Probiotics have become one of the buzziest supplements lately as science reveals more about the gut microbiome and the impact it has on overall health. Probiotics can be a powerful tool to both shift the microbiome in cases where you may have gut or digestive issues and shift the immune system. But should you take a probiotic? The answer actually depends.
Probiotics are living bacteria and yeasts that play a role in every system of the body. They’re found naturally in the gut, but things like diet, lifestyle, and medications can all alter your gut’s balance of good and bad bacteria. That’s where supplemental probiotics come in—the kind you’ve probably seen on store shelves or heard about in fermented foods. These can help repopulate the good, healthy bacteria and crowd out the bad bacteria.
One reason more people need probiotics now than ever before is because the environments that most of us live in are pretty germ-free. People don’t spend a lot of time out in nature, getting dirty. As a culture, we also tend to rely heavily on antibiotics, which kill off good bacteria, as a first method of attack for bacterial infections.
Even many of the food and drinks you consume can impact the population of your gut bacteria. A more diverse diet, for instance, can improve the diversity of microorganisms can negatively affect the microbiome.
If your gut needs the extra help, probiotics can be used to shape your microbiome in a way that will be healthier for you.
For specific conditions, probiotics can be helpful. At Parsley Health, we use probiotics for digestive conditions like IBS, colitis, and Crohn’s disease and immune issues such as eczema and other autoimmune disorders.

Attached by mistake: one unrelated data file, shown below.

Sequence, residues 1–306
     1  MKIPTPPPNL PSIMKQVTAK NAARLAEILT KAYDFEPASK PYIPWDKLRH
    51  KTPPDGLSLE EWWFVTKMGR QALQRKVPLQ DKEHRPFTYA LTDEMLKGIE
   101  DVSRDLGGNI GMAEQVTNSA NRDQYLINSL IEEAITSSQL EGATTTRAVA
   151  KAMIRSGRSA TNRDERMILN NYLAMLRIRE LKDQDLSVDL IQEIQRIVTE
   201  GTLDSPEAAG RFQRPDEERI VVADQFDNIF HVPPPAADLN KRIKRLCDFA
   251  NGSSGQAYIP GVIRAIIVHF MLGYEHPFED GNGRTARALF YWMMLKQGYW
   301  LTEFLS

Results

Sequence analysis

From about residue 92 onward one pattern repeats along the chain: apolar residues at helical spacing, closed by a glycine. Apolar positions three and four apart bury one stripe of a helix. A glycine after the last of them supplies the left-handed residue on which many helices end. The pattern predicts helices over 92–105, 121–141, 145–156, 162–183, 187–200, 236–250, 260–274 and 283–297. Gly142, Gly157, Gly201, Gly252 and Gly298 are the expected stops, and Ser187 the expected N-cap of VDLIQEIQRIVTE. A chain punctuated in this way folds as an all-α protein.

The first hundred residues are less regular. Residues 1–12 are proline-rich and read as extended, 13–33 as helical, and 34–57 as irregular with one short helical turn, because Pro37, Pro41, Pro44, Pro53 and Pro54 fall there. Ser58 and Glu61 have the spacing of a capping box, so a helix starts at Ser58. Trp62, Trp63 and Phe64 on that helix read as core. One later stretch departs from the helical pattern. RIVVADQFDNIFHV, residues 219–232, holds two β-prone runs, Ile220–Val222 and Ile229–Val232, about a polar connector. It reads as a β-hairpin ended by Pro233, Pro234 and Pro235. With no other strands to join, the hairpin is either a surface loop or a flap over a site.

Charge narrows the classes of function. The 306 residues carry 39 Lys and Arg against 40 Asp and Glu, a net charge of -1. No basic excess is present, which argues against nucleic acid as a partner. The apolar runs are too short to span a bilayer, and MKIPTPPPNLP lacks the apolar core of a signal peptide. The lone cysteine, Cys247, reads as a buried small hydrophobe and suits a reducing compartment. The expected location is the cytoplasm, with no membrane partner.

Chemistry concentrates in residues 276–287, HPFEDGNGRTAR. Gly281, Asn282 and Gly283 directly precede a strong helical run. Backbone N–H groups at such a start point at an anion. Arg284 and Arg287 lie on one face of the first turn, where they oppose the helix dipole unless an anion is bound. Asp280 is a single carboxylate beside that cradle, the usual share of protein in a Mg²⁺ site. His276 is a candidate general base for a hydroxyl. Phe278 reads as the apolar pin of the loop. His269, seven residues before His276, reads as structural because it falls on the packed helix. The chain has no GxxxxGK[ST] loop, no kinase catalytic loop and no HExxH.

Not all probiotics are created equal though. Our doctors use medical-grade probiotics—they’ve been tested, we know what is in them, and we know how they work. We also prescribe specific probiotics for specific conditions.
This is especially important, because new research in Cell has confirmed that the generic probiotics you can find at drugstores may not be effective for everyone. A personalized approach to choosing specific bacteria strains based on an individual’s microbiome may be more effective, the researchers say.
In some cases, probiotics aren’t the best answer. When people took a generic probiotic after completing a course of antibiotics, it actually prevented their microbiome from fully recovering even after six months, found a second small study in Cell .
More new research in Clinical and Translational Gastroenterology even found that in the case of certain existing digestive problems, probiotic use is linked to brain fog and bloating.
I recommend working with a doctor to determine what’s right for you. This field of research is rapidly advancing, so as new science around the gut microbiome emerges, doctors will be able to continue to personalize care.
Looking for more resources on gut health? Check out the articles below:
Dr. Robin Berzin is the founder and CEO of Parsley Health. A Summa Cum Laude graduate of the University of Pennsylvania, Robin completed medical school at Columbia University’s College of Physicians and Surgeons, and trained in Internal Medicine at Mount Sinai Hospital in New York City.